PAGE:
This latest C63 isn’t quite as rabid as previous AMG estates. Where older cars would have happily let the driver exceed their abilities in spectacular fashion, the eminently adjustable traction control system poached from the AMG GT supercar helps reign things in until you decide to turn down the level of hand-holding. It turns in with precision and is supremely agile, though perhaps not to the level of BMW’s best M Division cars.

It’s still eager to oversteer and willing to break traction with anything close to liberal application of the throttle should you want it to, but is now much more predictable once you go beyond the limit. There are nine levels of assistance to choose from, in addition to the five driving modes that can be hot-swapped using the rotary digital dial fixed to the steering wheel. It’s slick, but the sheer amount of configuration and customisation on offer feels distinctly unlike AMG.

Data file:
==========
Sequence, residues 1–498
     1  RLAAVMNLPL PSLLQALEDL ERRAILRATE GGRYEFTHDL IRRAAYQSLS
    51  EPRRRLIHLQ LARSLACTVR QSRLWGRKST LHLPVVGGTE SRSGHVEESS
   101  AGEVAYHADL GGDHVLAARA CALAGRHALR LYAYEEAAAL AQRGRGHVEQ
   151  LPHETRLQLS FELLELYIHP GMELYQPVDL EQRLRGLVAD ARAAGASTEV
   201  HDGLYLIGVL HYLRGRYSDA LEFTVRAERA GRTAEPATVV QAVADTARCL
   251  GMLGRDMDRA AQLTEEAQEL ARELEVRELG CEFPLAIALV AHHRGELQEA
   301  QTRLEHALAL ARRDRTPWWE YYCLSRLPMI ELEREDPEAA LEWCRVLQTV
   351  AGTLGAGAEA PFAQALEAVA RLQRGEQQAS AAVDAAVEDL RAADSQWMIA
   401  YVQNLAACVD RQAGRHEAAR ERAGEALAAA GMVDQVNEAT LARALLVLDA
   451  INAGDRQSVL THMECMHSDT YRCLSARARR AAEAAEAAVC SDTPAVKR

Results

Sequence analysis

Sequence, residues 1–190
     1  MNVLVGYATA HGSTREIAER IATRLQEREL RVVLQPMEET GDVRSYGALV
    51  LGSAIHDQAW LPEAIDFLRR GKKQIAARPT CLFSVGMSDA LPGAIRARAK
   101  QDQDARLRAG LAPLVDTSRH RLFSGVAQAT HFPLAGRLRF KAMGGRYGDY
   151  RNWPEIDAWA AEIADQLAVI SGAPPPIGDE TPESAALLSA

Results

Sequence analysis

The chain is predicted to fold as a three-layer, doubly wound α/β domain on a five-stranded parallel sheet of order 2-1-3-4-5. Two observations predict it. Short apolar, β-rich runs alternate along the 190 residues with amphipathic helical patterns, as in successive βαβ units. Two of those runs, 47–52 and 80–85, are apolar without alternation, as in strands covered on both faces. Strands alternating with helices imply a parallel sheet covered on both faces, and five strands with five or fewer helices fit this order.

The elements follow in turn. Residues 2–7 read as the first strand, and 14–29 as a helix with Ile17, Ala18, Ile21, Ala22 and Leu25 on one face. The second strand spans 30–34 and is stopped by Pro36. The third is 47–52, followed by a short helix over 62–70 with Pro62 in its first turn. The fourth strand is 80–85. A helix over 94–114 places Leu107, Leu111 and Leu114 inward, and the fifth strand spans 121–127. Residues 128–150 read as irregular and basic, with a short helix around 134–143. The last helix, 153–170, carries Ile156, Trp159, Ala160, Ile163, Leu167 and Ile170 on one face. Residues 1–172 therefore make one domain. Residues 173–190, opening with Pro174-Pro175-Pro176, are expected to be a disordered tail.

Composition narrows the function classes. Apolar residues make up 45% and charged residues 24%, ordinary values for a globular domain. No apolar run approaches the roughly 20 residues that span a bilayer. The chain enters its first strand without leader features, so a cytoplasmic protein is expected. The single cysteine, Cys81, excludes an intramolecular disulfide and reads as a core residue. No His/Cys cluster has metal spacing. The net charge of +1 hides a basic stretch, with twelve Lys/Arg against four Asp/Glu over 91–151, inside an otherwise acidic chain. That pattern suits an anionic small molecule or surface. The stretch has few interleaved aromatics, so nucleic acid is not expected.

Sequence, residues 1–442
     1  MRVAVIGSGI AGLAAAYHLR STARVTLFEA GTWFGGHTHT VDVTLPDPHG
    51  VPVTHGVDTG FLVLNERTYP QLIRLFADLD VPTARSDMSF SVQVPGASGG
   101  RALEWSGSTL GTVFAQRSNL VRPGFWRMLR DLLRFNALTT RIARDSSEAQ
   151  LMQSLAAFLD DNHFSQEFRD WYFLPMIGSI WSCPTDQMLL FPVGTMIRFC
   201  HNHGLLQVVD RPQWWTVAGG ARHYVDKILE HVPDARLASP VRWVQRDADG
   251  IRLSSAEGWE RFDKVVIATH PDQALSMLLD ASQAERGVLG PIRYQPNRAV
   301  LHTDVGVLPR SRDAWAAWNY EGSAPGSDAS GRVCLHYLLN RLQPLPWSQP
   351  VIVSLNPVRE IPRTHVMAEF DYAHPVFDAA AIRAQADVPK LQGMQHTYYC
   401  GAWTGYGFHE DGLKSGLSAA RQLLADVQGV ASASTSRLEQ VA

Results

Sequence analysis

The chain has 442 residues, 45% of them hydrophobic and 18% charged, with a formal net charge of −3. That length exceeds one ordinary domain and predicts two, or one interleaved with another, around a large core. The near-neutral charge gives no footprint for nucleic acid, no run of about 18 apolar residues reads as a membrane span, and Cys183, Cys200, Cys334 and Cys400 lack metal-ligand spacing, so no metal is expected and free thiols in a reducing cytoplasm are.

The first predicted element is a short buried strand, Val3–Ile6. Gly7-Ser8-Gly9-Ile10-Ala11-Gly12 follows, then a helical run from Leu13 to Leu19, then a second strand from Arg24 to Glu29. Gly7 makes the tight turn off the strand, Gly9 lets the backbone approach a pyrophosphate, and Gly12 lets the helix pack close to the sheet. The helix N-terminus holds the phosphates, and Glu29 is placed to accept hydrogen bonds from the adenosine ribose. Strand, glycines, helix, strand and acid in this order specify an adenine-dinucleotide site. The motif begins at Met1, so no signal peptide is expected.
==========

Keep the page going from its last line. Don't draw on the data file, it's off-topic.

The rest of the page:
While it rides towards firm, as you would expect, the C63 isn’t as unforgiving as it used to be. The more dynamic driving modes are usable on the road now, without also making every bump and road imperfection felt through the cabin.

The new gearbox is far more keen to change cogs than the old car, and now won’t wrestle upshift duties from you in manual mode, but does have a habit of upshifting a gear or two too far when left to its own devices. It’s noticeable even in the sportier driving modes, and can feel just that little bit unresponsive when you’re preparing for an overtake or a fast corner.

In a straight line, the C63 is a delightfully thuggish hot rod wagon with the kind of accelerative force that will make passengers cling, white-knuckled, to the grab handles. Under full throttle you are pinned into the sports seats with eye-widening levels or torque as the engine emits a gutteral V8 roar. It’s addictive long before you discover the active exhaust button is practically capable of drowning out a thunderstorm.